In alignment with the International Finance Corporation’s (IFC) revised Performance Standards on Environmental and Social Sustainability, the IFC has been exploring the development good practice guidance for its private sector clients on the issue of human rights due diligence in high risk circumstances. Shift provided expert input to the IFC in 2013 on the content of potential guidance.

The Performance Standards’ requirements regarding the environmental and social due diligence processes that all IFC-financed projects must have in place are robust; however, the Performance Standards themselves recognize that, in certain high risk circumstances, it may be appropriate for companies to complement these processes with specific human rights due diligence (see Performance Standard 1, footnote 12). This raises two key framing questions that any guidance on this issue should address:

  1. Under what circumstances might specific human rights due diligence be appropriate;
  2. What should human rights due diligence entail in such high risk circumstances?

Any IFC guidance on these questions would need to be practical, relevant and grounded in the challenging realities facing companies that operate in complex, high-risk contexts. It should also build upon existing resources for companies on these issues, and seek to ensure a convergence of guidance wherever appropriate.

While the immediate audience for good practice guidance issued by the IFC is IFC client companies, the impact of the Performance Standards extends well beyond IFC-financed projects – providing a global benchmark referenced by numerous public and private financial institutions, as well as informing the policies and practices of many companies operating in emerging markets.

This collaboration informed a report that we published in 2015 on human rights due diligence in high risk circumstances.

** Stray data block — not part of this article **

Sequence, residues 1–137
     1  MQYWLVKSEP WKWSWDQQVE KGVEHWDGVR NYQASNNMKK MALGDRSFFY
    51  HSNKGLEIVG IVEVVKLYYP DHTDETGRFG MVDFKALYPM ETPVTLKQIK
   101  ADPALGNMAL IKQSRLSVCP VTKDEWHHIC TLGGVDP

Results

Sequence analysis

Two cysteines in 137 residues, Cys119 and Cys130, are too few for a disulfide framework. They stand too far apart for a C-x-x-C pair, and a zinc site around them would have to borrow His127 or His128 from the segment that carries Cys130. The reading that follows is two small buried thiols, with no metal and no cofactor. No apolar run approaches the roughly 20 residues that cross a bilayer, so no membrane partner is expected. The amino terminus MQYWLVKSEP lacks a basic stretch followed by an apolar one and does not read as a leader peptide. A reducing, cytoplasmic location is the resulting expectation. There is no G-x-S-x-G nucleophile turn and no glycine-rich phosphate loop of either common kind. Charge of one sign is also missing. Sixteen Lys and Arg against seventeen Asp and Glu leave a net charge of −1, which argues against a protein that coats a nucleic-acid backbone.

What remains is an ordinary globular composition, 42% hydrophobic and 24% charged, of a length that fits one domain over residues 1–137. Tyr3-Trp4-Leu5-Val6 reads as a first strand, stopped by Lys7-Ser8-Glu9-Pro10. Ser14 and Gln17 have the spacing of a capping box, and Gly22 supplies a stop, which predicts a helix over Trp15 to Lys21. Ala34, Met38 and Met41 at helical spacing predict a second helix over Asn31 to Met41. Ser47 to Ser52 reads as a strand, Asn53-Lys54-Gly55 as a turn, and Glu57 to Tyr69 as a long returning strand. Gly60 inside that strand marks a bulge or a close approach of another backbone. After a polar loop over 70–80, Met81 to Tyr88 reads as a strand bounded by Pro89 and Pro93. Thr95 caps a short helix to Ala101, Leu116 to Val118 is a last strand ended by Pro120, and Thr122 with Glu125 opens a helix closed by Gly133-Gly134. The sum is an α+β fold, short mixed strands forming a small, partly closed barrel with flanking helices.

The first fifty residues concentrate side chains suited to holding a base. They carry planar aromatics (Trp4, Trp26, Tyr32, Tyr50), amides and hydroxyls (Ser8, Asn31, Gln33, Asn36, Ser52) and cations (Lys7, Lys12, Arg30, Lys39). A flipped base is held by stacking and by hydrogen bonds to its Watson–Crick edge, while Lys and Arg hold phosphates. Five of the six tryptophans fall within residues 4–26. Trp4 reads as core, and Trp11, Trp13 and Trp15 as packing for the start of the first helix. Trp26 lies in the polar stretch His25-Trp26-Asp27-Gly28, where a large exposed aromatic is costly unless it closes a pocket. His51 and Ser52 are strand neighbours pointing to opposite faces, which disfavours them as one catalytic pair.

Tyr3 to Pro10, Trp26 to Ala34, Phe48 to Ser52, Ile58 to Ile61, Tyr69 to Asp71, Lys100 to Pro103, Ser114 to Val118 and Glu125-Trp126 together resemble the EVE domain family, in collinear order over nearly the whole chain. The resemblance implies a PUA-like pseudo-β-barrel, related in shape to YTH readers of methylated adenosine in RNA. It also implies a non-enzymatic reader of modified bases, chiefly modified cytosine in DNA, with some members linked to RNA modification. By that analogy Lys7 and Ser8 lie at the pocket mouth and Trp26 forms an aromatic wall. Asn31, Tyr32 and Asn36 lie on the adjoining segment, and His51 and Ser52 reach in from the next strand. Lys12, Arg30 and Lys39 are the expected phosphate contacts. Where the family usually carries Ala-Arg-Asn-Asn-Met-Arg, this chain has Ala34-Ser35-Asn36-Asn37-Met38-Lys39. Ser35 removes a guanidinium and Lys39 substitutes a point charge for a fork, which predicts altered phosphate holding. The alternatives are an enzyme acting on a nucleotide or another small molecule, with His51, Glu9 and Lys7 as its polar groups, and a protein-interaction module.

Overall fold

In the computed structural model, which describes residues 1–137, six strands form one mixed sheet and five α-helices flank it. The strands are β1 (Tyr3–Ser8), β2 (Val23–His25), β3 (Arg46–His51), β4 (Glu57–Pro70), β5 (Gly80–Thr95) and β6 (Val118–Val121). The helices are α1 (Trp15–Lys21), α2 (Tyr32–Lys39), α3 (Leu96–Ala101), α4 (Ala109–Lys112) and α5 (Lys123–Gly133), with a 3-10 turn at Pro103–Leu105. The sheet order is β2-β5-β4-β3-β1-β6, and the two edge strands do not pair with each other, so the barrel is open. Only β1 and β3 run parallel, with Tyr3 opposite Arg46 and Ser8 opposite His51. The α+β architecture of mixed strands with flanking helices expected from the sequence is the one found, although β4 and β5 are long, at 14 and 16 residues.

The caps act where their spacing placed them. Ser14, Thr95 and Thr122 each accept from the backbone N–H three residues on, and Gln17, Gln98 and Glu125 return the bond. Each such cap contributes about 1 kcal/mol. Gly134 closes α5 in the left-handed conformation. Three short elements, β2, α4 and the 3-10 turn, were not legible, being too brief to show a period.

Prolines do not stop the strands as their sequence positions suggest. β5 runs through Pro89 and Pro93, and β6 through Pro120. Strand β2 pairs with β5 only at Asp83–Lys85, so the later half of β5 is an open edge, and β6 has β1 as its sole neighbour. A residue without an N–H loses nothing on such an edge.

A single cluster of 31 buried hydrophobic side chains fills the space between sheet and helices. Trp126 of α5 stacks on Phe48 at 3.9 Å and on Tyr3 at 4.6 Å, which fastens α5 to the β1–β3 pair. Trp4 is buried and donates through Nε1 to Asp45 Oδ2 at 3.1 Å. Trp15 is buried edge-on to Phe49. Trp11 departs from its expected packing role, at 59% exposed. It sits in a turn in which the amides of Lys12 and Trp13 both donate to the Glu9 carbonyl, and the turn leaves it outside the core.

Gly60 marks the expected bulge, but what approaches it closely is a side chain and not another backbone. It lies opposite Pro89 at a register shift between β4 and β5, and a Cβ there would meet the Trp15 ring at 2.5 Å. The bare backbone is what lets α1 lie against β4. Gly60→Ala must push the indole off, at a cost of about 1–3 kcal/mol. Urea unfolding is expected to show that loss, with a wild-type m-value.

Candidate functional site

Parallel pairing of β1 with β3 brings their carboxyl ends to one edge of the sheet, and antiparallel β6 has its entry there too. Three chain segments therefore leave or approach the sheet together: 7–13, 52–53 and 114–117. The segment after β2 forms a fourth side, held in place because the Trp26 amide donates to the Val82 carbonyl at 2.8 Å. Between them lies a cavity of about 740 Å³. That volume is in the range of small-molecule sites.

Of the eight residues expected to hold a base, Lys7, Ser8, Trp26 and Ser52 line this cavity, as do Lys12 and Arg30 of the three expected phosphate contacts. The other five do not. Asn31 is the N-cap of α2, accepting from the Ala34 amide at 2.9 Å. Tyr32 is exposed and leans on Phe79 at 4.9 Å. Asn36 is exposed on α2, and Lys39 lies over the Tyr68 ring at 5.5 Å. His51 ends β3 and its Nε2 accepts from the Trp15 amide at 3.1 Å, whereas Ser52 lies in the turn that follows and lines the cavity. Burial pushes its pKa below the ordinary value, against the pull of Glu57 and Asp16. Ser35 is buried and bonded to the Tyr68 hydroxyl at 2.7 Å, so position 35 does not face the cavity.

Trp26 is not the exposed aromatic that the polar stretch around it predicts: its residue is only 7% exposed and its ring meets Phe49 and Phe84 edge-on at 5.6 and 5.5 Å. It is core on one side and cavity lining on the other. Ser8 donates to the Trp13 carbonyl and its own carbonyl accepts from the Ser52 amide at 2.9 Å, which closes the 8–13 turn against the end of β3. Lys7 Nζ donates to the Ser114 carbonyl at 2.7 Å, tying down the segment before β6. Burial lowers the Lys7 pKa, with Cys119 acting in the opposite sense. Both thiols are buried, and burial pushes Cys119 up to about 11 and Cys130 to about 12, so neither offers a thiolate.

Advising the Peruvian Financial Regulator on Improved Corporate Management of Social Conflict

Also see: Overview of our work with financial institutions on implementation of the Guiding Principles | Our report on the cost of corporate-community conflict

From 2012-2015, Shift was pleased to support the Superintendency of Banks, Insurers and Private Pension Funds (SBS) in Peru in the development and implementation of a new regulation to strengthen due diligence in the Peruvian financial sector. The regulation is available in Spanish (official) and English (unofficial) here.

Shift provided advisory support to the SBS regarding the development of a new regulation aimed at mitigating social conflict related to large investment projects in Peru. This initiative responded to the evidence that such conflict can increase credit risk and reduce the creditworthiness of projects and/or their primary suppliers that are directly or indirectly affected by social conflicts. | Jump to our report on the cost of conflict in the extractives sector

In recent years there has been considerable social conflict in Peru around major commercial projects, particularly in the extractive industries and forestry. This has in part resulted from local communities’ concerns about the impacts these projects may have on their livelihoods, welfare and human rights. These conflicts are seen to have implications for the credit risk of individual Peruvian banks, the stability of the Peruvian financial system, and the reputation of Peru as an investment location.

Shift worked with the SBS to look at how the elements of due diligence set out in the Guiding Principles could provide a useful reference point for the planned regulation. This advice focused on the role of effective community dialogue and engagement and grievance handling processes in ensuring that due diligence processes are effective in mitigating risks of social conflict.

The SBS has now issued the new regulation, which requires banks to pursue social and environmental risk management in relation to certain advisory services and loans for particular projects in Peru, including natural resource extraction projects. While the new regulation is framed in terms of social and environmental due diligence in general and emphasizes reduction of systemic risk, its greatest innovation lies in the human rights lens it brings to the requirements of banks, and in turn of their clients, including the assessment of the quality of client companies’ processes for engaging directly with potentially impacted communities and providing channels for them to raise grievances. In this regard, it reflects important features of human rights due diligence emphasized in the Guiding Principles.

During the development of the regulation, Shift was pleased to provide additional support to the SBS including delivering collaborative capacity building workshops for key SBS staff, joint with the Association of Banking Supervisors of the Americas (ASBA), as well as training for representatives from Peruvian banks that are subject to the new regulation.